• Avoid affiliates. You might find some websites with unlinked interview mentions because they are an affiliate site that never links directly to a company whose products they are promoting. This is because they’d rather have customers buy products through their site rather than buying direct from a brand or manufacturer. You’ll waste your time if you try to get a link from these affiliates.
  • Use Ctrl+F (PC) or Cmd+F (Mac). If it takes you more than a couple of seconds to skim the web page and find the specific mention you’re looking for, use Ctrl+F or Cmd+F to bring up the find function on your computer and simply search for the phrase to save time.
  • Install MozBar on your browser. By doing so, you can use the SERP Overlay feature and immediately see the Domain Authority and Page Authority of a web page directly from the search results page. You can ignore search results that do not have desirable authority metrics.
MozBar SERP Overlay

The SERP Overlay feature lets you see the web page’s DA and PA at a glance, so you can ignore the page if it doesn’t meet your desired criteria.

(For more tips, check out Kaila Strong’s article on using unlinked brand mentions for link acquisition.)

2. Reach out to webmasters

With your list of unlinked interview mentions, you can reach out to the webmasters, authors, or interviewers and ask them for a link back to your client’s website.

  • Start by asking yourself a few questions:
    • Who is the author of the article?
    • How do we find him/her?
    • Is he/she affiliated with the website or just a guest contributor?

The answers to these questions will give you an idea of how easy or difficult it might be to get a link placed, i.e. whether it’s worthwhile to pursue this unlinked mention opportunity.

For example, if you can easily find an author’s name and it looks like he or she owns the site or is a regular contributor, absolutely reach out to the author. It won’t take much of your time and chances are the author can easily go back to the interview and add your client’s link.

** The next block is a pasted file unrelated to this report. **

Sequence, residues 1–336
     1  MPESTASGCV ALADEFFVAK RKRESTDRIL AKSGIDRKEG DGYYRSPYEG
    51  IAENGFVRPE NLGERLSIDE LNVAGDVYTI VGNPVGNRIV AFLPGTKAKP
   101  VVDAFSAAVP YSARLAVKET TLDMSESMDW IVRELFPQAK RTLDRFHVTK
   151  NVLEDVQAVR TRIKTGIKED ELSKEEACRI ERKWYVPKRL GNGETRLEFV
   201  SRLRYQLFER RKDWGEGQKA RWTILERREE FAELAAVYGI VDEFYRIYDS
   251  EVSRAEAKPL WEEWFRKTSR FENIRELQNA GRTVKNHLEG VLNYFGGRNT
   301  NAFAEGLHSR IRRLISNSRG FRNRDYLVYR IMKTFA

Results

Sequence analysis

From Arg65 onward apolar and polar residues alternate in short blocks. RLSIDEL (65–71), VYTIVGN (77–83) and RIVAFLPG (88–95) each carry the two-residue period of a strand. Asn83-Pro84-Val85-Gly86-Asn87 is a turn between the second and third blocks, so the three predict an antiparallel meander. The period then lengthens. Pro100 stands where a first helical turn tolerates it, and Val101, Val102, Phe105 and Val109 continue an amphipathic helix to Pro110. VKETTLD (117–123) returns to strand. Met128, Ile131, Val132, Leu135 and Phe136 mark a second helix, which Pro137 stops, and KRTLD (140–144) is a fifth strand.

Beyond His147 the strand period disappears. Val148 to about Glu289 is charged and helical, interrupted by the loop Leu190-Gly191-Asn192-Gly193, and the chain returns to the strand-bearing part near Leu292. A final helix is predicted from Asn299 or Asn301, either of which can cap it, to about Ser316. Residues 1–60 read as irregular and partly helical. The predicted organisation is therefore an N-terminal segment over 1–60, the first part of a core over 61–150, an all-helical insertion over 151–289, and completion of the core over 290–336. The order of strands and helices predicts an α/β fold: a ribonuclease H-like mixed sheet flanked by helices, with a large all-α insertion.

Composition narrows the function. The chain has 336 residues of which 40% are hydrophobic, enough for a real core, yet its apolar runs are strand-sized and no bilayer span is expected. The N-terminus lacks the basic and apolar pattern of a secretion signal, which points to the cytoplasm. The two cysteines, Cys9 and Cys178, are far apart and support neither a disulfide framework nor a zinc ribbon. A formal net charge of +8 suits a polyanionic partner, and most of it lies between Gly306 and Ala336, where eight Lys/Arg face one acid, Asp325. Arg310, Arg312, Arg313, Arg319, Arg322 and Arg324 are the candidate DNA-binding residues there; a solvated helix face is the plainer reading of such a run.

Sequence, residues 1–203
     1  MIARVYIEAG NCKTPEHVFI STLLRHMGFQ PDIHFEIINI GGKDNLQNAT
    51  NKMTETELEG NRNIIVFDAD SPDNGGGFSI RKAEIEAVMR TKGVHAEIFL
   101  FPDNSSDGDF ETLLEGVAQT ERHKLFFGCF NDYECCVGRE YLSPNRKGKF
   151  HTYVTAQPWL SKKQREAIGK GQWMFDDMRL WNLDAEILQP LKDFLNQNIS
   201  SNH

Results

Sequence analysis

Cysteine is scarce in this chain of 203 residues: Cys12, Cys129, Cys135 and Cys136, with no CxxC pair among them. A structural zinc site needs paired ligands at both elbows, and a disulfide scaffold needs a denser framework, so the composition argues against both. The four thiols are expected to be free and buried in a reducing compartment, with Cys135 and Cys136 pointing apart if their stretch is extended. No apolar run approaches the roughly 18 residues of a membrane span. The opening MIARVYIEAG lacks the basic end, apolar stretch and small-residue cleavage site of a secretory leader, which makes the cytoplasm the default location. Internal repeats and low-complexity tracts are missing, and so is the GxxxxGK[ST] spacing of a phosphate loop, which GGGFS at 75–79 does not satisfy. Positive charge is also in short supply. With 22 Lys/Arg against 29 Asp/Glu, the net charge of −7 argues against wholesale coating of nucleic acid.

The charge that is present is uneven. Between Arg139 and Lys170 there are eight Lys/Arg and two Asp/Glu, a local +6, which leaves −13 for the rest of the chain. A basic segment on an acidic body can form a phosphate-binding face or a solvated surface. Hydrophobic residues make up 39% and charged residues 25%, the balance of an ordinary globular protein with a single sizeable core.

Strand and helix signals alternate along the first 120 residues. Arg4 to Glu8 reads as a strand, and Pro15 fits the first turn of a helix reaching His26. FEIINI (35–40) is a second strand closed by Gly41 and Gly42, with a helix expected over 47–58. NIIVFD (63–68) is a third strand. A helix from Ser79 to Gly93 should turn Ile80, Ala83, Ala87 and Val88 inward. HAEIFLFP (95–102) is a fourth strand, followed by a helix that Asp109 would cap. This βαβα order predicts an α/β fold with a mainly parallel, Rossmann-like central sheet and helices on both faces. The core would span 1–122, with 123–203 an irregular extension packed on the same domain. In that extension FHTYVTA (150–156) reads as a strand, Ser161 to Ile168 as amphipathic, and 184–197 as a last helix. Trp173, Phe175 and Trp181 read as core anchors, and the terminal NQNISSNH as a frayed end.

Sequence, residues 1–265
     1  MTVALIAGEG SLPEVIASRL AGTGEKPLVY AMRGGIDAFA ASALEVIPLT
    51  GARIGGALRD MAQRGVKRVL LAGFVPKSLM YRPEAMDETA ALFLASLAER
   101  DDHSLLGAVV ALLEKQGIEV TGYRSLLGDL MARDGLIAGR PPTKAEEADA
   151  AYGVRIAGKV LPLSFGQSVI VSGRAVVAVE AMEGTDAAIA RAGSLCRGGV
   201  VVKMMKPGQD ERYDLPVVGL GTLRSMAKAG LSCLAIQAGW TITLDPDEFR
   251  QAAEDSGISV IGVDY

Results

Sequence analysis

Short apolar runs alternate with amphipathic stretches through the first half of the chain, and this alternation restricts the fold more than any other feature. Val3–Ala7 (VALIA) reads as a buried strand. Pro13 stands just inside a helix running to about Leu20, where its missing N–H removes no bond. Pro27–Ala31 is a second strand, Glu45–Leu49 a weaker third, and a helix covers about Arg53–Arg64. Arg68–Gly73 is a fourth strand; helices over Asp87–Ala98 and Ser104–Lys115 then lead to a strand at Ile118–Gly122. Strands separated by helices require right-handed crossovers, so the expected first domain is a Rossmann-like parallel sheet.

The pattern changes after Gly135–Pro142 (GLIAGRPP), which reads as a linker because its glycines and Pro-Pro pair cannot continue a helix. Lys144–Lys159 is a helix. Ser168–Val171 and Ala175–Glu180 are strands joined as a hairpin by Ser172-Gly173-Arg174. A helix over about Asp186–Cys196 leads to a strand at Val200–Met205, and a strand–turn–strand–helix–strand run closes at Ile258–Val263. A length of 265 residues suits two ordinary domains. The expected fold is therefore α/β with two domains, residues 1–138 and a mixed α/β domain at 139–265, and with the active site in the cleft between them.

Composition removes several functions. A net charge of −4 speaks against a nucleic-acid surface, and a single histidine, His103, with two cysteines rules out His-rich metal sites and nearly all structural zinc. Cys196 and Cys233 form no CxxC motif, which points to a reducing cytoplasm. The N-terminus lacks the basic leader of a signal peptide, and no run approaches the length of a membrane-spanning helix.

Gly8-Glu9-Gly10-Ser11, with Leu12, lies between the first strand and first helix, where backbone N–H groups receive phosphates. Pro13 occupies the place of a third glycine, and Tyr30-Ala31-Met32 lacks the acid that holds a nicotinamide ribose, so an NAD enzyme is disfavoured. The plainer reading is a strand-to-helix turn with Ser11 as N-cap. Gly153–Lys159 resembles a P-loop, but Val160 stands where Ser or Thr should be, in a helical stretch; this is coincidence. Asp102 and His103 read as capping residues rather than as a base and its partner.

In contrast, if the author doesn’t own the site or isn’t a regular contributor, he or she may not be able to go back to the interview and add a link. Instead, the webmaster of the site may need to do this, so you’ll want to contact the webmaster.

Pro tip before starting outreach­­­
  • Ask your client to approve your list. Ask for approval to reach out to all of the websites you’ve found. Overall, this is good practice for any back linking strategy or tactic you use. For a number of different reasons, clients might feel uncomfortable with approaching some websites. Avoid upsetting your clients by asking for their approval before moving forward.

Once your client has given the thumbs up on your website list, you can proceed with reaching out to the webmasters involved.

  • Be concise when contacting webmasters. Make sure your email is short and to the point. This will increase your outreach success rate.
  • Suggest opening a new tab or window. One of the main reasons webmasters or authors may not agree to add a live link is because they don’t want to divert traffic away from their own website. To address this, suggest that they reference your client’s site with a link that opens a new browser tab or window.
  • Use a good pitch angle. Okay, you’ve identified the right person to contact and your client has given the green light. So how do you make sure your email is as effectively persuasive as possible? Luckily, because your contact has already mentioned your client’s brand, they’re probably inclined to be helpful and give you the backlink. But you can increase your success rate by using a good pitch angle instead of just emailing them about the unlinked brand mention you found in the interview. For example: